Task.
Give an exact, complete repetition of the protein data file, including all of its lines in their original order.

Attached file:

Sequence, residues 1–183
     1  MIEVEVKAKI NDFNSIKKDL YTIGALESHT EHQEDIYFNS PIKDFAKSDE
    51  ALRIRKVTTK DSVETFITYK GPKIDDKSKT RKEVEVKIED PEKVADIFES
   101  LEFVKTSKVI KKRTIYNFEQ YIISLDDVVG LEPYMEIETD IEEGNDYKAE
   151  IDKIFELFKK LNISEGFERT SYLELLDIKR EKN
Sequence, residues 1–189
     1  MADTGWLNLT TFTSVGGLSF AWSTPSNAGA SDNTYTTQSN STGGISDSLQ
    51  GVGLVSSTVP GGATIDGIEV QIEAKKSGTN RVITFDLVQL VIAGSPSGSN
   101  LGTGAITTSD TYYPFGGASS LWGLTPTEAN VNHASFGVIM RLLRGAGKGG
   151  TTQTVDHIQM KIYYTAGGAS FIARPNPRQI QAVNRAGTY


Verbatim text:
Sequence, residues 1–183
     1  MIEVEVKAKI NDFNSIKKDL YTIGALESHT EHQEDIYFNS PIKDFAKSDE
    51  ALRIRKVTTK DSVETFITYK GPKIDDKSKT RKEVEVKIED PEKVADIFES
   101  LEFVKTSKVI KKRTIYNFEQ YIISLDDVVG LEPYMEIETD IEEGNDYKAE
   151  IDKIFELFKK LNISEGFERT SYLELLDIKR EKN
Sequence, residues 1–189
     1  MADTGWLNLT TFTSVGGLSF AWSTPSNAGA SDNTYTTQSN STGGISDSLQ
    51  GVGLVSSTVP GGATIDGIEV QIEAKKSGTN RVITFDLVQL VIAGSPSGSN
   101  LGTGAITTSD TYYPFGGASS LWGLTPTEAN VNHASFGVIM RLLRGAGKGG
   151  TTQTVDHIQM KIYYTAGGAS FIARPNPRQI QAVNRAGTY